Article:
By Rieko Hayakawa

The 13 May riots in the French territory of New Caledonia took the world by surprise. The territory is a known tourist destination. However, those following New Caledonian politics knew that the pro-independence groups had been holding large-scale demonstrations since around February 2024.

Pro-independence groups forcefully demanded the withdrawal of a new law that would allow an increase in voting rights. Pro-independence groups fear the law would increase the disparity between pro-government elements and the indigenous population. The 1998 Noumea Accord agreed upon in a referendum on New Caledonia’s political status, had restricted voting rights.

At the same time, the management of a nickel factory, which had guaranteed employment for the indigenous population, was in crisis. As the largest industry in New Caledonia, its troubles multiplied the insecurity.

Youth Problem

Recently youth aged 15-25 were reportedly responsible for torching and looting shops and public institutions, leading to large-scale chaos. The riots killed six indigenous youths and police officers. They also claimed the lives of civilians who did not have access to health care. Local police have pointed to signs of another group commanding the youths in the background.

Population growth is arguably the biggest problem in the Pacific Island countries, and more than 50 percent of the population is young. Micronesia and Polynesia have established immigration systems to the United States and New Zealand. However, none of the independent Melanesian countries have such systems.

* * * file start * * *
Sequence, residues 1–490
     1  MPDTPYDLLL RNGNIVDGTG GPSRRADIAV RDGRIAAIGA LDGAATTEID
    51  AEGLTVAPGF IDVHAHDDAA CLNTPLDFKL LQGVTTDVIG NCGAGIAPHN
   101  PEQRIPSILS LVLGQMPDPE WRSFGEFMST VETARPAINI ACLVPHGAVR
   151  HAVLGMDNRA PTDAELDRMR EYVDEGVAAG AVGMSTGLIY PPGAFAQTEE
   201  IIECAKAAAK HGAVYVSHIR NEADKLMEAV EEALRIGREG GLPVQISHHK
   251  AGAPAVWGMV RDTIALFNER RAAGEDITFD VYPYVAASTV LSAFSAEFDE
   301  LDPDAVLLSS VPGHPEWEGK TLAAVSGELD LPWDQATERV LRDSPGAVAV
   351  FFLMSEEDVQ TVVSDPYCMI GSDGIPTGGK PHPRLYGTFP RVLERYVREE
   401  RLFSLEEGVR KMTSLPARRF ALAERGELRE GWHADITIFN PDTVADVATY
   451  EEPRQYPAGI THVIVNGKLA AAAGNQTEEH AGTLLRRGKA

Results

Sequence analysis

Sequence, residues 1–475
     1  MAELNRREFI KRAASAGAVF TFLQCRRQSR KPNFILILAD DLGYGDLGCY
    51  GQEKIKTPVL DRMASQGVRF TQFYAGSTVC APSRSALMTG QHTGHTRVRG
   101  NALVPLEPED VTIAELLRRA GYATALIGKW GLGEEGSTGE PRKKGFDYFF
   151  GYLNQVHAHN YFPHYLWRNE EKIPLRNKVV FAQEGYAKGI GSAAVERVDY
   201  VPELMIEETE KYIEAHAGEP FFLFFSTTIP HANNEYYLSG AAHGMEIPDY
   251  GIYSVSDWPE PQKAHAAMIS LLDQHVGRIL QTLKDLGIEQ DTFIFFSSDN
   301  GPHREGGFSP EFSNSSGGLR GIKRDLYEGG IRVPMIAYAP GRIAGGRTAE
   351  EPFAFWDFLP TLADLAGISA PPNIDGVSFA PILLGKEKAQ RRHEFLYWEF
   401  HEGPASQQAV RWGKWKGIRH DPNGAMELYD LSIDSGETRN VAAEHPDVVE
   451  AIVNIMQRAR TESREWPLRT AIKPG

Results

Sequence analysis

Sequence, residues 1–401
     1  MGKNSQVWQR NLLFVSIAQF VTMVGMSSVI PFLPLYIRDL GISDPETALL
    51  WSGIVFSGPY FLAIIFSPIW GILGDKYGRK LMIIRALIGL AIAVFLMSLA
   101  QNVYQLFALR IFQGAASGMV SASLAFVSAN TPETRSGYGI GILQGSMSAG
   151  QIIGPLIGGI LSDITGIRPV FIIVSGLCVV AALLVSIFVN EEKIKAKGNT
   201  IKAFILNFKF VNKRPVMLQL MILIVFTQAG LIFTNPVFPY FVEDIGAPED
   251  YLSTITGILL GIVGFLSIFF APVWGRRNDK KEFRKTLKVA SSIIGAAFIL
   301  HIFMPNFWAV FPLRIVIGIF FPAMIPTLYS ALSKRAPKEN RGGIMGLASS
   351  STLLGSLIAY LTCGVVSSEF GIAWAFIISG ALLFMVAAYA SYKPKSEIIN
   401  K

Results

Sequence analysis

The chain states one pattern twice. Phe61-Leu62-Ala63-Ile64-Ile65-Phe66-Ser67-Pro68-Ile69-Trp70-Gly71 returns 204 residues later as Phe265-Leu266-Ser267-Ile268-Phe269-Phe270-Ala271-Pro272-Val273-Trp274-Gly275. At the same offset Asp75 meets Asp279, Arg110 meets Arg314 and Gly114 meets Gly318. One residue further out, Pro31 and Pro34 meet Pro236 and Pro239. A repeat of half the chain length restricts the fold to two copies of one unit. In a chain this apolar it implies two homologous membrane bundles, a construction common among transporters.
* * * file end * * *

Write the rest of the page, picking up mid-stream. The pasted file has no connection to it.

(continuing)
Youth unemployment in New Caledonia was 46 percent in 2020. The Melanesian region accounts for 95 percent of the population of the Pacific Island countries and has a high population growth rate. The riots in the Solomon Islands also pointed to the presence of delinquent youths on the streets behind the peaceful demonstrations that turned violent. Education and employment issues for youth in Melanesian countries are a top priority.

Free and Open Indo-Pacific and Franco-Japanese Maritime Cooperation

Japan will host the 10th Pacific and Islands Leaders’ Summit, PALM10 in July. It cannot afford to ignore this issue. Therefore, what can Japan do?

In 2018, Prime Minister Shinzo Abe proposed a “Free and Open Indo-Pacific” and the slogan made its appearance at the Pacific Islands Leaders Summit, PALM8. That was also the result of this author being invited to speak at two Inter-Parliamentary Committee study groups in Japan in 2017.

New Caledonia and French Polynesia also became official members of the Pacific Islands Forum, a co-hosting organisation of the Pacific Island Leaders Summit, in 2018. The issues of both regions became the subject of Japan’s “Free and Open Indo-Pacific.” The current US territories of Guam and American Samoa are also being considered to become members of the Pacific Islands Forum.

What does this mean? The American or French governments did not impose these organisations. They reflect the will of the island states to deal with common island issues that transcend political status. And for that, Japan’s role is expected.

Franco-Japanese Maritime Cooperation and Fukushima Treated Water